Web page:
Our mission is to promote the exploration of knowledge and to graduate information literate students who are equipped for lifelong learning in the 21st Century.
Information Literacy @ UWF
Information literacy has been identified as an important component across UWF's Academic Learning Compacts, especially in the Critical Thinking and Academic Integrity Domains. Resources for incorporating and assessing information literacy in each of the academic domains can be found here, on the CUTLA website. Information literacy is taught by librarians and faculty throughout the university, helping students develop core skills and gain in-depth knowledge of resources in their disciplines.
What is Information Literacy?
In the Association of College and Research Libraries' Information Literacy Standards for Higher Education, an information literate individual is defined as someone who is able to:
- determine the extent of information needed;
- access the needed information effectively and efficiently;
- evaluate information and its sources critically;
- incorporate selected information into one's knowledge base;
- use information effectively to accomplish a specific purpose; and,
- understand the economic, legal, and social issues surrounding the use of information, and access and use information ethically and legally.
For further information on our Library Instruction & Information Literacy Program and to view assessment results, visit our program guide.
Goals of the Program
- Effectively teach library and information literacy skills to students and assess student learning.
- Collaborate with faculty and departments to integrate information literacy objectives into their courses and assignments.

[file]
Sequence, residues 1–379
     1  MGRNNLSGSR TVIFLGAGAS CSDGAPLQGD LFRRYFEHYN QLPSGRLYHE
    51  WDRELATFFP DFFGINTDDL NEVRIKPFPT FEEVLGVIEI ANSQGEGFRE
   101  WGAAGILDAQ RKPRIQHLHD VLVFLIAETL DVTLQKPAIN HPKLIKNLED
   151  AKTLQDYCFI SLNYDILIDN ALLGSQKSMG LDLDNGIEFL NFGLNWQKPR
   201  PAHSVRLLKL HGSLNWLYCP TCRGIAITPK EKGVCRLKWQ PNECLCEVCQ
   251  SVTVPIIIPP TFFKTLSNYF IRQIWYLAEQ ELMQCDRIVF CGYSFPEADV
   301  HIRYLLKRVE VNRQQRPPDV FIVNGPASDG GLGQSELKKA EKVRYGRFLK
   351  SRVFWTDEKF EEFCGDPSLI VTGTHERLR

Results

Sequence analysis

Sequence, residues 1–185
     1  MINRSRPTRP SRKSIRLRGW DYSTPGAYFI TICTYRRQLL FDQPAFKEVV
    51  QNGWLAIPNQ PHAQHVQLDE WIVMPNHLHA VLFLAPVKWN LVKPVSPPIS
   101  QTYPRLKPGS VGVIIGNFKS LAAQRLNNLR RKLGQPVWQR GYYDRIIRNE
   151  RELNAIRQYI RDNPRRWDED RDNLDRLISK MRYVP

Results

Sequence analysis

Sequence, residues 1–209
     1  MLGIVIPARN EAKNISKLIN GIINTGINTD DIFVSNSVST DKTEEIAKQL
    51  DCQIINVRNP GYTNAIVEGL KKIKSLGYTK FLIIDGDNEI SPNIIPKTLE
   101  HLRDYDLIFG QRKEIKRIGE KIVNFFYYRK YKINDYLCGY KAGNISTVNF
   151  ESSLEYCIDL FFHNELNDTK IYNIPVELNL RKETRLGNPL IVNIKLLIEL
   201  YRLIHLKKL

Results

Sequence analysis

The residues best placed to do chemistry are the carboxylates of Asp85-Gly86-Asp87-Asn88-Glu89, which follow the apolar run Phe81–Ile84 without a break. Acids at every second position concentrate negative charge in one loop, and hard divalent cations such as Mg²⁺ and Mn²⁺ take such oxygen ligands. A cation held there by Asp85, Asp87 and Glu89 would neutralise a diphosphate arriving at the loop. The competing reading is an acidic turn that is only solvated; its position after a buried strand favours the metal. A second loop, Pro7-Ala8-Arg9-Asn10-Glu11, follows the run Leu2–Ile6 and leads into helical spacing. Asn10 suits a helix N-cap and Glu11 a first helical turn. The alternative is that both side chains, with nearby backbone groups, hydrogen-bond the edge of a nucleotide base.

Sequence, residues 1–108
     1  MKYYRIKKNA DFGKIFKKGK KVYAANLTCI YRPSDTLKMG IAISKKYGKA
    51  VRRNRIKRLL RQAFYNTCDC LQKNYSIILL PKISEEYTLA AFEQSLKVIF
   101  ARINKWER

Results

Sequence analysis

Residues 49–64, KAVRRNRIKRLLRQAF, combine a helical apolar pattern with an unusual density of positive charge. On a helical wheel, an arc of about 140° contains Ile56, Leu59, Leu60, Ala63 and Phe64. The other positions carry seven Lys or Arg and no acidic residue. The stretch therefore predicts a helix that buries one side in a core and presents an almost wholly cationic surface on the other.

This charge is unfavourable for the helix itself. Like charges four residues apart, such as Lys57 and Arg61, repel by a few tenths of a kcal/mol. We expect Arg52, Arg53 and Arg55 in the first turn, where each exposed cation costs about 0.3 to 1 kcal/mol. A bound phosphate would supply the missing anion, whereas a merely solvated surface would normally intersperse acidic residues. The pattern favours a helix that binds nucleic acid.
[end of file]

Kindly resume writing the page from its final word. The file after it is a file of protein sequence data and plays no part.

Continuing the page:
- Increase awareness of information literacy at the University through outreach.
- Develop and enhance resources that support and teach information literacy skills, including online tutorials and guides.
What we do & How we do it
Subject specialist librarians work closely with faculty, students, and the UWF Community to teach information literacy skills. We support information literacy in a variety of ways, including:
- Providing library and information literacy instruction sessions to classes and other groups;
- Collaborating with faculty and departments to integrate information literacy objectives into their courses and assignments;
- Providing one-on-one instruction to students and faculty via reference desk interactions, research consultations, and virtual means.
- Creating materials that support information literacy, such as online, self-paced tutorials; online research guides; and printed research aids.
- Assessing student learning outcomes for information literacy skills and engaging in a cycle of continuous improvement.
How faculty can support information literacy
- Schedule a library instruction session when students are at the point-of-need, e.g. after receiving a research assignment.
- Work with a subject specialist librarian to tailor the session to the needs of the class.
- Collaborate with a subject specialist librarian to incorporate information literacy elements into assignments and activities.
- Encourage students to request additional assistance at the Reference Desk, via online chat or email, or by making an appointment with a subject specialist librarian.
- Assign one of the library's online tutorials for a class or direct/link students to the research guide in your discipline.